DRY Code with Higher Order Function in Scala – Part II

DRY Code with Higher Order Function in Scala – Part II

This post is part II in my series about Higher order function in Scala.
You can find part I here
In this post I am going to introduce:

  • Higher-order function with generics type
  • Function composition

Hope you enjoy!

Higher-order function with generics type

With generics type, Scala give us an opportunity to reduce the duplicated code.
Let’s look at the bellow example:
We have resultSet is data which is object from Infrastructure, now we need to convert it to a model in Domain layer.

val countries = resultSet.stringOpt("geo_locations_countries").fold(Seq.empty[Country])(Json.parse(_).as[Seq[Country]])

val cities = resultSet.stringOpt("geo_locations_cities").fold(Seq.empty[City])(Json.parse(_).as[Seq[City]])

val regions = resultSet.stringOpt("geo_locations_regions").fold(Seq.empty[Region])(Json.parse(_).as[Seq[Region]])

val zips = resultSet.stringOpt("geo_locations_zips").fold(Seq.empty[Zip])(Json.parse(_).as[Seq[Zip]])

It will look up for a string (the key of a map), if it hasn’t any value, we will return an empty Seq. If not we will parse this json value to a model.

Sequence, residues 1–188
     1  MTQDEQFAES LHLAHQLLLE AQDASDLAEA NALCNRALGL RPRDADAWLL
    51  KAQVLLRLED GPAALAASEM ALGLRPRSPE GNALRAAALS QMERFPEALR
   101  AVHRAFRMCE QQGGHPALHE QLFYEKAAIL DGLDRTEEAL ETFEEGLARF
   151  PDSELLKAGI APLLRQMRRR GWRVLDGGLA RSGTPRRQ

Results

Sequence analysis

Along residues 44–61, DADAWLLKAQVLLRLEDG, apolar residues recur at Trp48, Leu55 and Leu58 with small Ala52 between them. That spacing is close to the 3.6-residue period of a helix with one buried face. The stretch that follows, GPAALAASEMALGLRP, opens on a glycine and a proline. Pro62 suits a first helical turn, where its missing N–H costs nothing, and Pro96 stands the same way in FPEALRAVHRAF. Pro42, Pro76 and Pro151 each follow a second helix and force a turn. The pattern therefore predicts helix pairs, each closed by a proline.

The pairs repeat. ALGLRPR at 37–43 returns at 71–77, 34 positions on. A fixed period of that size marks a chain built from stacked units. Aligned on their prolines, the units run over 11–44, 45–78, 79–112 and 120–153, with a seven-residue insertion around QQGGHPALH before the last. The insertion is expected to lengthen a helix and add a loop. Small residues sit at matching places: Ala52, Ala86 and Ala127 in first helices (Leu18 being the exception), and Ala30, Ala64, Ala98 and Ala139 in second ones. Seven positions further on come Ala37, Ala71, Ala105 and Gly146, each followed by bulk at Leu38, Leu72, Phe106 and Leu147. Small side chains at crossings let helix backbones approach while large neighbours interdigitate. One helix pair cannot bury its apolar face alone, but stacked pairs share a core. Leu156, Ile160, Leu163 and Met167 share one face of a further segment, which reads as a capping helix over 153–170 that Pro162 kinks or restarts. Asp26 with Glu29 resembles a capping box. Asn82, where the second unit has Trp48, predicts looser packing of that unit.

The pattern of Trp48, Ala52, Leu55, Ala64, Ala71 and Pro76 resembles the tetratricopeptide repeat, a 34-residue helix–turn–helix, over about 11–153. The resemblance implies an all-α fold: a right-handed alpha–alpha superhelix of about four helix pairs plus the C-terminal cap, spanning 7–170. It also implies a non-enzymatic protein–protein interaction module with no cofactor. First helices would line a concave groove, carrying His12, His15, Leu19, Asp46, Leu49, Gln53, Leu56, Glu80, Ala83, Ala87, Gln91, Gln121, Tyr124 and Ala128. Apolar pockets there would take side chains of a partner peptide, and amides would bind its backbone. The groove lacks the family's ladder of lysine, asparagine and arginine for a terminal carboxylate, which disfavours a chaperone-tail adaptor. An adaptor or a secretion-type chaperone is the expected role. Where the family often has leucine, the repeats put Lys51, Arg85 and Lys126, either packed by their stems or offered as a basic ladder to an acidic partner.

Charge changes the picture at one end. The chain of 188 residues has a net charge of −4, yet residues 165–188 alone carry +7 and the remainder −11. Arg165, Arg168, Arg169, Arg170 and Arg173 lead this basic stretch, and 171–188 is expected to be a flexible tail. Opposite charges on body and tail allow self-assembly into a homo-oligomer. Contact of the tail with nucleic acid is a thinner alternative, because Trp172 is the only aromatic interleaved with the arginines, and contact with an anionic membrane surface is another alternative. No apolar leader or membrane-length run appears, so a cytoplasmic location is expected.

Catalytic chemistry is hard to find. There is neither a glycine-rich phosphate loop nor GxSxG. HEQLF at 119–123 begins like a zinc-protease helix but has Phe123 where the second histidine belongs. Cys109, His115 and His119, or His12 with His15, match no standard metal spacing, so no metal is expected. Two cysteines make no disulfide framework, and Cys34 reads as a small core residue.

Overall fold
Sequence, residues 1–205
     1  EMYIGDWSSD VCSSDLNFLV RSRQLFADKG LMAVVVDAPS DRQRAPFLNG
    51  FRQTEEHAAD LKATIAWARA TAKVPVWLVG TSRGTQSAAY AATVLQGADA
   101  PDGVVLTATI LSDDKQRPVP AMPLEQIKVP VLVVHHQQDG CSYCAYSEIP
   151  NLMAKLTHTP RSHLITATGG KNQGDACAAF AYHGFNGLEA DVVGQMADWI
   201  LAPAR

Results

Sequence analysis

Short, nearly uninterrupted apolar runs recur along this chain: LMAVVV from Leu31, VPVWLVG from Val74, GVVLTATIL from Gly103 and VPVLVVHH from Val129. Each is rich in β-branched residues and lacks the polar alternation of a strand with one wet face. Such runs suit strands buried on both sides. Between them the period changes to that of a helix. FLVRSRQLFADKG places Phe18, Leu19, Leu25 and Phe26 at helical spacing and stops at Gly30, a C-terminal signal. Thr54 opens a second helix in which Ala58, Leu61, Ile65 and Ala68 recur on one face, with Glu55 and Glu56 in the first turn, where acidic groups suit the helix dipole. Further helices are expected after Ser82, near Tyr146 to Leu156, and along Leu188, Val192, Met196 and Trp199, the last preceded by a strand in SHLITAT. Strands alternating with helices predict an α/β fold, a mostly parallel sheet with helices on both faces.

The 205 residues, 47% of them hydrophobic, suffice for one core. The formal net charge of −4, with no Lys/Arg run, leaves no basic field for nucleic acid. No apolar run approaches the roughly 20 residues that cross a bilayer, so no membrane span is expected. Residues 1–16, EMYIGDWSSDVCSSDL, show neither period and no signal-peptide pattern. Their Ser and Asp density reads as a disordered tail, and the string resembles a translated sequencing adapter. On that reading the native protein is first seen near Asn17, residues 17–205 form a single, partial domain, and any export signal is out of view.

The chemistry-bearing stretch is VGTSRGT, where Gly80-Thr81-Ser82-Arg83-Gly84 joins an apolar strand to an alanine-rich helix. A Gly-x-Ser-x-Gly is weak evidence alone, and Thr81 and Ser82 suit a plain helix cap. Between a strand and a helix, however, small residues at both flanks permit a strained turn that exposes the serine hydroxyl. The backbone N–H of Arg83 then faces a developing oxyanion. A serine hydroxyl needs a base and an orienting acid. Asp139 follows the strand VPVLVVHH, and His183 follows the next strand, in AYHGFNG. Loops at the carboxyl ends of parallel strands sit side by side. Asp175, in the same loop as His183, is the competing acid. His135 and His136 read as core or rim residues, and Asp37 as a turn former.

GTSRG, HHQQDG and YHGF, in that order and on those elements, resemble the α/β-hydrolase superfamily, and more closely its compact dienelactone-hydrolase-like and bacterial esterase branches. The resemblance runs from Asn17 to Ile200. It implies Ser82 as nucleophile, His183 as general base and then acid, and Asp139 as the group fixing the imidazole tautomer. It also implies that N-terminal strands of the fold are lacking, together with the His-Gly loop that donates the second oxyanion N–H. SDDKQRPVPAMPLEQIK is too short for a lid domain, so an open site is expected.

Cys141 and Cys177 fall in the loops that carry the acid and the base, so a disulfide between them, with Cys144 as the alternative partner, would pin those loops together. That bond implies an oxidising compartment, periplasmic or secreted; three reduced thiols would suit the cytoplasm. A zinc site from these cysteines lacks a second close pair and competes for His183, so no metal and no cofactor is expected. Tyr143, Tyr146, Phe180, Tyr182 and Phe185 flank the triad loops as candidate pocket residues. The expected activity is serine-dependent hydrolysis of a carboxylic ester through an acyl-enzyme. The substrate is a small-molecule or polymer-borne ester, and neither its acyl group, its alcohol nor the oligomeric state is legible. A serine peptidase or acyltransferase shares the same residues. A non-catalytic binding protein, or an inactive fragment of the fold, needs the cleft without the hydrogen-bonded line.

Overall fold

It’s quite good but it’s seem not DRY.
Let’s use generic type in this case.
Firstly, we can see the similar logic here is we take a string then parse the json value to Seq of some kind of Model (Country or City or Region or Zip).
Instead of do the same thing all the time, we can call it as type T for abstraction and work with this type.
The function was defined as bellow:

def parse[T](str: String)(
    implicit wrs: WrappedResultSet, read: Reads[T]): Seq[T] =

I used implicit value because I don’t wanna pass it into every function and we need a Reads type to working with json format.
Now we can call it to get the Model value here:

implicit val wrs: WrappedResultSet = resultSet

val countries = parse[Country]("geo_locations_countries")
val cities = parse[City]("geo_locations_cities")
val regions = parse[Region]("geo_locations_regions")
val zips = parse[Zip]("geo_locations_zips")

It’s shorter and not too hard for reader.
The important thing we care about is just the sequence of Country converted from data of Infra’s object, for example.
But now we have one more step before we can get the Model object.
We need to parse json value to some type, String or Int firstly.

val locations = resultSet.stringOpt("geo_locations").fold(Seq.empty[Location])(Json.parse(_).as[Seq[String]].map(Location))

val locales = resultSet.stringOpt("locales").fold(Seq.empty[Locale])(Json.parse(_).as[Seq[Int]].map(Locale))

Ok, it’s time to use higher-order function. We just need to pass it into our function here

def parseThenMap[U, T](str: String)(f: U => T)(
  implicit wrs: WrappedResultSet, read: Reads[U]): Seq[T] =

Then our source code much more readable like this:

val locations = parseThenMap[String, Location]("geo_locations")(Location(_))
val locales = parseThenMap[Int, Locale]("locales")(Locale(_))